Over the last year, I have had the opportunity to discuss value chains, products, and challenges with many small & medium businesses. Coupled with my years working in high-tech supply chains and my discussions with MBA students on the need for companies to focus on the value chain these experiences have afforded me the opportunity to think about the key takeaways on managing value chains for small & medium businesses.
Here is a brief guide to the 12 essentials of managing the Value Chain:
1) Understand your customer (aka value chain management): A lot of times value chain professionals will forget about what the customer’s needs are and leave it up to the marketing and sales departments to take care of it. The key part of value chain management is to understand the end customer within the marketing channel. How will the customer want to receive the goods or services? Will special packaging be needed or will the item be displayed on store shelves?
The customer is the key ingredient on ensuring an effective supply chain. This is why “Value Chain Management” is slowly replacing the term supply chain management. If the customer is forgotten in the supply chain you might as well get rid of it.
2) The supply chain matters a lot: Often the supply chain is left to the last possible minute during product designs, marketing programs, and customer meetings. Don’t forget that the product still needs to be designed, built, and shipped or served to the customer if the company is going to make money. If your business is, a service company ensuring employees and inventory to get to the right place at the right time are key. The supply chain matters! Many tools can help in this area. A great project management tool for small and medium business is Zoho Projects that can be integrated into Zoho’s CRM (Customer Relationship Management).
3) Understand your product, service, or technology: One often hears in value chain management that it is really about shipping or selling widgets, and one widget is no different from another. This urban myth is far from the truth. Some items may need to be refrigerated, other products may require special care and handling while some services may be digital. Understanding your product, service, or technology is key to creating a successful value chain.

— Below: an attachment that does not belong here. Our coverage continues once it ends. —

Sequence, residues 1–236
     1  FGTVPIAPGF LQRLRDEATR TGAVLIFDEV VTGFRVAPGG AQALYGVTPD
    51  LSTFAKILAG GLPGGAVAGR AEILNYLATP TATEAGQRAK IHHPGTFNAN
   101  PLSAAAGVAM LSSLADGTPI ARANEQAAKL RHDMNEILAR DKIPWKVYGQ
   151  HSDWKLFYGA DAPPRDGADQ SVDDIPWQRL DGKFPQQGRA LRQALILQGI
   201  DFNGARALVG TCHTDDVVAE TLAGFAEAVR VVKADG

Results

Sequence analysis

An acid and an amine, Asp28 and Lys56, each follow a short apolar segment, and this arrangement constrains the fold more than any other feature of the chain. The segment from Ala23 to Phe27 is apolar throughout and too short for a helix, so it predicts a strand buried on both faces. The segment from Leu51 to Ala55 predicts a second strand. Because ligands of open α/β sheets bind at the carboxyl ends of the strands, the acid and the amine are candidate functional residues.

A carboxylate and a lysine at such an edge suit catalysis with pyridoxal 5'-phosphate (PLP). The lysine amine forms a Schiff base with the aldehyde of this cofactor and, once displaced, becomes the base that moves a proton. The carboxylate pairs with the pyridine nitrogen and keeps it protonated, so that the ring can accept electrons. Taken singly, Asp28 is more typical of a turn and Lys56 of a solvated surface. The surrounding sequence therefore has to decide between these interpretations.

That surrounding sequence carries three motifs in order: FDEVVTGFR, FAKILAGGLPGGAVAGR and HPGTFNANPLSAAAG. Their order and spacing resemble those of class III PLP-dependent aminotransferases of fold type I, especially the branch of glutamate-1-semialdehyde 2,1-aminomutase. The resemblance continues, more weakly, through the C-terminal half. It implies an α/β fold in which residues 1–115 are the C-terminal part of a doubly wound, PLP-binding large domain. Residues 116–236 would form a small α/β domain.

4) Get out of the office: Don’t just stay at your desk to manage the value chain. Get out and see it. Ask questions. Learn from others who have managed value chains before and visited the marketing channel, factory, and suppliers. If possible, follow the product from raw material, through logistics, to the final customer. You will learn a ton.
5) You need to negotiate: Negotiating is key to value chain management. Cost, quality targets, SLAs, and KPIs all need negotiations around the terms. If you want to be successful in value chain management, you need to become a good negotiator. Some practitioners are naturally gifted at negotiations, but a larger number of value chain professionals need training and constant practice. Leverage is not always about the amount of spend you have with the supplier. It is also measured in predictability, brand value, and the ability for the vendor to diversify in other markets.
6) It is not just about cost savings: Although costs are necessary, it is not just about delivering great cost savings. Other factors include the quality of the product, the value of the business that the supplier, buyer, and end customer derive from the service, product, or technology, and ensuring the right amount of inventory is in the right place at the right time.
7) It is about the People: There is a lot of buzz today about the automation of the value chain. In the end, however, the value chain still comes down to relationships and people. Tools and systems will get better over time but even with the complete automation of the supply chain, people are still needed to make things happen, improve the system, and fix things when they break.